How timely. After launching a year ago at Disrupt NYC 2011, Tracks is today releasing one of its biggest updates to date. The service is much like Color, but without the creepy factor as any and all members of a specific photo-sharing group must be invited. I like to think of it as the place where Color and Google+ Circles intersect, but I far prefer Tracks than either of the former.
Thus far Tracks has offered iOS, web- and real-world versions of your tracks (the collection of photos shared with a specific social network, which can be both geo-temporal or last forever). Today, however, the service gets much more beefy, with the ability to shoot and send real-time video and the addition of new filters, Instagram-style. There are now ten filter options on the app, and they’ll all work on both photos and videos.
But that’s not all. The update brings with it the ability to add friends to various tracks from Facebook and Twitter, as well as a new custom camera with multi-shot capability and locks for exposure and focus. Animations have also been added.
Tracks has seen great success since its debut at Disrupt last year, launching an iPhone app officially in October and raising a $1 million round in December. The company also enticed Photobucket’s founder Alex Welch to join the board.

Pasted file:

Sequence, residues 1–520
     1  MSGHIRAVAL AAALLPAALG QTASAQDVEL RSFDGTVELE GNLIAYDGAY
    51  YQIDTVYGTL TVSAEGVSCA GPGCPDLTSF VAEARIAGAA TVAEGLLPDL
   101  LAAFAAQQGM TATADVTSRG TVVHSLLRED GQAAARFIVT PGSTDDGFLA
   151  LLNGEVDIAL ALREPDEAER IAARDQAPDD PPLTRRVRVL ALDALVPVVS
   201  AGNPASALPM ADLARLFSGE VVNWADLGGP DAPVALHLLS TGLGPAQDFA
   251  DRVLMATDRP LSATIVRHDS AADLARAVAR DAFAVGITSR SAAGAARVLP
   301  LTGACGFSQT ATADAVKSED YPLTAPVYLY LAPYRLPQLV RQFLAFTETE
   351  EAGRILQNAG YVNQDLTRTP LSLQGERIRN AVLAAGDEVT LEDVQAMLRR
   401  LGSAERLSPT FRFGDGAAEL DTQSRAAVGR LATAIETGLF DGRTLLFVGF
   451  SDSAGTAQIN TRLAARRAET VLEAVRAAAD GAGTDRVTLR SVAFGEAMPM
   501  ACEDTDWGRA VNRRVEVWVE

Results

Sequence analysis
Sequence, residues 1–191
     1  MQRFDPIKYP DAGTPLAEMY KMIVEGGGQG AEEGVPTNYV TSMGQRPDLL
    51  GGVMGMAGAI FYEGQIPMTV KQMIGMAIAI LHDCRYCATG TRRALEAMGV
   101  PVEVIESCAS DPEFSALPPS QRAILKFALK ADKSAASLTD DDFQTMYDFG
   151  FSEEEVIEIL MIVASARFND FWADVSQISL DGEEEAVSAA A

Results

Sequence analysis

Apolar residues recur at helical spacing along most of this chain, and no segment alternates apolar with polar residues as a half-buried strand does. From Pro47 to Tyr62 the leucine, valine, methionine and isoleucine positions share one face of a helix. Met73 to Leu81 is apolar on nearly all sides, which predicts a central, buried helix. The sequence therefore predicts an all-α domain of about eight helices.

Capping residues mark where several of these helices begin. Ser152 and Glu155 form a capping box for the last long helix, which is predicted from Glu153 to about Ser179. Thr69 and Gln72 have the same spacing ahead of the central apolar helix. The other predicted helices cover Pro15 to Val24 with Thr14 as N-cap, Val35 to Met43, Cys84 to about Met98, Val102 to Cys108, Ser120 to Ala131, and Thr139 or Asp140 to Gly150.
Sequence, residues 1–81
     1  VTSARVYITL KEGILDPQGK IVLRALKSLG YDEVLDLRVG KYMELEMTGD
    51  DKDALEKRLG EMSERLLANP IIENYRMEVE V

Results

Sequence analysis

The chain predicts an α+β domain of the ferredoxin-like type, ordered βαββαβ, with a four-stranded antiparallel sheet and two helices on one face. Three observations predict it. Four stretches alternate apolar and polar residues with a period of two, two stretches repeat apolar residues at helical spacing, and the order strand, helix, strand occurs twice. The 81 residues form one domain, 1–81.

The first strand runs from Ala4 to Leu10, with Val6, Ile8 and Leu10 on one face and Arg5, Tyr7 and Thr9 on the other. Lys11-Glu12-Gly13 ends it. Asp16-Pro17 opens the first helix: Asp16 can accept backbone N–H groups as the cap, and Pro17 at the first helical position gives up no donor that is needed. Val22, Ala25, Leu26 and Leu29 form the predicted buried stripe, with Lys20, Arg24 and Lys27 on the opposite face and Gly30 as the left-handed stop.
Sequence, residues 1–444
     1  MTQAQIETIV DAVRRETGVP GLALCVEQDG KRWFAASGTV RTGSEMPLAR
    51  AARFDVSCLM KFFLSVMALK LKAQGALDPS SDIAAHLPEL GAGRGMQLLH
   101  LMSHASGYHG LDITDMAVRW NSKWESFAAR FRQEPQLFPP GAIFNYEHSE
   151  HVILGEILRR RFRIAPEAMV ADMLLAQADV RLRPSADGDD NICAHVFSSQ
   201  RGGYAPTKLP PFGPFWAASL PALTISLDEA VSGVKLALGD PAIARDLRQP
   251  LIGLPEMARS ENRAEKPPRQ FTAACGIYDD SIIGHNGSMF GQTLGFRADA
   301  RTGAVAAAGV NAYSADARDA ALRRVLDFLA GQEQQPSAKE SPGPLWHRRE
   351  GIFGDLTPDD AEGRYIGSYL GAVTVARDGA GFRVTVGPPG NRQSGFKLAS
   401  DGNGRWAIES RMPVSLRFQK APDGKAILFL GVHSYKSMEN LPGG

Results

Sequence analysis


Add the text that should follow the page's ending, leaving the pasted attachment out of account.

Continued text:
Speaking of Mr. Welch, here’s what he had to say about today’s Tracks update:
Since joining Tracks as both an investor and board member last year, I have worked very closely on product and strategy with Vic and team. I continue to be impressed at the overall vision, as well as the dedication and execution of this team. As simple as it may sound, the challenge of having a single mainstream service that can span both experiences and interests with different groups of friends and family, has not been solved at a large scale. The Tracks approach is the right one.
The idea of a private social network is one of the few new social ideas that I can jump on board with, and it’ll be interesting to see how the company builds out this offering with behemoths like Facebook and Twitter still growing at a solid pace.